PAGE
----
Before I unveil my three words for 2014, I’d like to look back and review my three words for 2013:

Inquisitiveness

Being inquisitive ensures that we stay alert to change and are able to spot and leverage new opportunities.

In 2013 I tried to remain inquisitive by not only reading and keeping up-to-date with information specific to my job and industry but also from a variety of other sources completely unrelated to what I do for a living.

For example, I read essays from The New Yorker, articles from Fast Company and watched and listened to presentations from TED about all kinds of topics to keep my inquisitive levels up.

My hope is that by remaining curious about the world around me I can take learnings from what others are doing that can be integrated into my own life.

Imagination

Albert Einstein once said that imagination is more important knowledge and it’s something that’s always resonated with me. As human beings we have the ability to create endless possibilities using our imagination and it’s the key to many of the great innovations and developments the world has seen.

To keep my imagination alive in 2013 I tried to remain inquisitive (see above), stay as open-minded as possible and learn about how people within the arts and sciences think and act to make the most of their imaginations.

In 2013 I also read my first fiction book since 2010. For three years I’d been so immersed in non-fiction and studying my craft that I’d forgotten the joy and benefits of really good, imaginative storytelling. I find that great fiction allows one to see first-hand what the power of imagination can produce.

Expertise

Developing a craft takes time, hard work and effort. To see a craftsman in action, be it a carpenter, tailor, artist or musician, is truly a thing of beauty.

Last year I attempted to develop my expertise by reading more quality content from a wide range of sources. These included great articles and studies from the Harvard Business Review, super blog posts from opinion leaders and classic books by authors including Malcolm Gladwell and the late Stephen R. Covey.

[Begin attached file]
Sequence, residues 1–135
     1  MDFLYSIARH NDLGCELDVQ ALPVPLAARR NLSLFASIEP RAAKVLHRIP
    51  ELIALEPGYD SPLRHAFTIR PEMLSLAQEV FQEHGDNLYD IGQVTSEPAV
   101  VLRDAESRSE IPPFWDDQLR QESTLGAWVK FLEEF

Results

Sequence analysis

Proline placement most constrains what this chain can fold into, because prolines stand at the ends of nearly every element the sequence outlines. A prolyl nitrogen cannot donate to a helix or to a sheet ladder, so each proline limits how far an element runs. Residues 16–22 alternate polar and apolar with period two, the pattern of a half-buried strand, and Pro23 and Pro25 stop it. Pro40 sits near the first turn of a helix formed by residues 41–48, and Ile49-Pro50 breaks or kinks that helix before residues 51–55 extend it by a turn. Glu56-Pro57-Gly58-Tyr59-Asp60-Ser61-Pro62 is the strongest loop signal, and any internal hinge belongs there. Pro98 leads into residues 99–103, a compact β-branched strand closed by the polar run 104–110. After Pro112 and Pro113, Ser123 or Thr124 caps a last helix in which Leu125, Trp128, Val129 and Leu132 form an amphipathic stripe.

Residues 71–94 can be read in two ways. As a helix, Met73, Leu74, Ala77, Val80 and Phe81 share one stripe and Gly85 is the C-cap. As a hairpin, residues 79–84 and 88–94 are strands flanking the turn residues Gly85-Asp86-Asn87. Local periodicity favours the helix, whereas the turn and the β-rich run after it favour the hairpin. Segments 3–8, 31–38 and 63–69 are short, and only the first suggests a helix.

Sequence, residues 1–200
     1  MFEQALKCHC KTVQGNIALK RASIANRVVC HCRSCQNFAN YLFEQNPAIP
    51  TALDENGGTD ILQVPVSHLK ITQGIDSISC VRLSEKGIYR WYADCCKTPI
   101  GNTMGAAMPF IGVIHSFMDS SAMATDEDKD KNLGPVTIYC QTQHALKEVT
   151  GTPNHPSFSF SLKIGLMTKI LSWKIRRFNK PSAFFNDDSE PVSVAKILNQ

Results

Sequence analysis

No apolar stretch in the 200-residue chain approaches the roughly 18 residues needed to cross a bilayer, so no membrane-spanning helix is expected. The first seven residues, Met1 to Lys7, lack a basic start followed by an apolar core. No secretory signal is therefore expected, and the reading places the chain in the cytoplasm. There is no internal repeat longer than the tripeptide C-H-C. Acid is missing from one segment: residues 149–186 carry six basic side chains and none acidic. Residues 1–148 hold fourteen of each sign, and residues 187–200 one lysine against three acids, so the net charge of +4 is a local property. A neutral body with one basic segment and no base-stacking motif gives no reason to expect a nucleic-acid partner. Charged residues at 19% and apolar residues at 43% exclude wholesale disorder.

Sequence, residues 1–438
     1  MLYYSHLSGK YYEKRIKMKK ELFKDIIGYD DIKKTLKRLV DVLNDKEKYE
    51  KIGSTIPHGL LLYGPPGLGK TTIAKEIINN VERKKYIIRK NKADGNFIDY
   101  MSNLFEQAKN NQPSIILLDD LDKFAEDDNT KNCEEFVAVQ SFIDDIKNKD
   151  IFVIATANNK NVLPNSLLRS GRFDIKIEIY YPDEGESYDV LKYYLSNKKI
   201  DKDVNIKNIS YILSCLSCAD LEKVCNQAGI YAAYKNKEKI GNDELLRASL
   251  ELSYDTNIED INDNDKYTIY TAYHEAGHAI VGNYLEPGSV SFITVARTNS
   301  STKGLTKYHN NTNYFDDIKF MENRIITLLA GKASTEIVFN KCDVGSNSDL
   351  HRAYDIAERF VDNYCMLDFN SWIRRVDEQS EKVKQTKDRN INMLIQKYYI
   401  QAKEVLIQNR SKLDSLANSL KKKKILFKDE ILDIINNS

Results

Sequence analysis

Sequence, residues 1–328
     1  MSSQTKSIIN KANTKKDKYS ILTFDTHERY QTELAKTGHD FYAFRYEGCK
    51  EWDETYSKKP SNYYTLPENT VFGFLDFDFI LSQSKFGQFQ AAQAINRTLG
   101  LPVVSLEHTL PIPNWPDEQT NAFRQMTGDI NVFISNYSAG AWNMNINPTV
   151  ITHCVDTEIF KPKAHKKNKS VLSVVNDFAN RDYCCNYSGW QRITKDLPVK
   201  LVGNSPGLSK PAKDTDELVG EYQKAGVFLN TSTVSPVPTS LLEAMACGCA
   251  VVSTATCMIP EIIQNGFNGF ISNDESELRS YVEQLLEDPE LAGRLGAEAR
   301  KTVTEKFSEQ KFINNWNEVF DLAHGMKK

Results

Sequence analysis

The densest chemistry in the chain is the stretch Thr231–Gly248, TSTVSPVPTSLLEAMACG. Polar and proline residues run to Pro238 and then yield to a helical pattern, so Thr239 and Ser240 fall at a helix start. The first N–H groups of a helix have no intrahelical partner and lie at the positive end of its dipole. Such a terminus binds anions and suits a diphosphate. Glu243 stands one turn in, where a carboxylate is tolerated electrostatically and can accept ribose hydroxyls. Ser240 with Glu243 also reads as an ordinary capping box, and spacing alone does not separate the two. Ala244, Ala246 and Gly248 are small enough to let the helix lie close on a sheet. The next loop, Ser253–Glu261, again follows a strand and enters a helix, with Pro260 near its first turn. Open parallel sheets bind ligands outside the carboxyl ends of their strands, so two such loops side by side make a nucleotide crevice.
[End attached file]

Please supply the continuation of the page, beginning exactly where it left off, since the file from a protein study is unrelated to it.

I also worked on my expertise by writing, notably on my own blog and externally for Smart Insights. I find that writing forces me to think deeply and analytically about a topic. Plus the thought that hundreds – maybe even thousands – of people might see what I have to say means that I have to produce content to as high a standard as possible.

 

Although the three words I set each year are specific to a particular year, all the previous ‘three words’ (which have included Create/Ship/Improve and Focus/Confidence/Energy) are still extremely meaningful and something I will continue to use to help guide and shape my life.

However, for 2014 my three words to live by are:

Network

Whether online or offline, I believe it’s important to develop networks of trusted friends, allies, colleagues and fellow enthusiasts to stay in touch with changing trends and to progress as an individual.

Whilst I developed my expertise in 2013 by researching, reading and watching other experts on my own, to truly develop as a person and as a marketer I need to work more with others and to contribute more to groups and networks. By doing this I’ll be able to develop my expertise as, improve my inquisitiveness and imagination and hopefully add value to other people’s lives, too.

Exercise

When I say ‘exercise’, I am referring to the focused improvement of both physical and mental skills and abilities.

Physical exercise is a common New Year’s resolution but often fails once the initial excitement in January wears off. Goals are often vague and focus is soon lost. However, I will be making sure that my physical exercise goals are SMART and measured intermittently throughout the year to ensure I remain focused on exactly what I want to achieve.

I will apply the same structure to my mental exercise. To continue refining my craft and expertise, I will set goals based around what I want to read (both fiction and non-fiction), write, research and apply in my day-to-day life, both professional or personal.

Relax

There is always a danger that we can become consumed by the amount of noise and distractions omnipresent within our hectic lives. There is always so much to do, so much we need to be achieving to stay ahead of the curve and to reach the next milestone.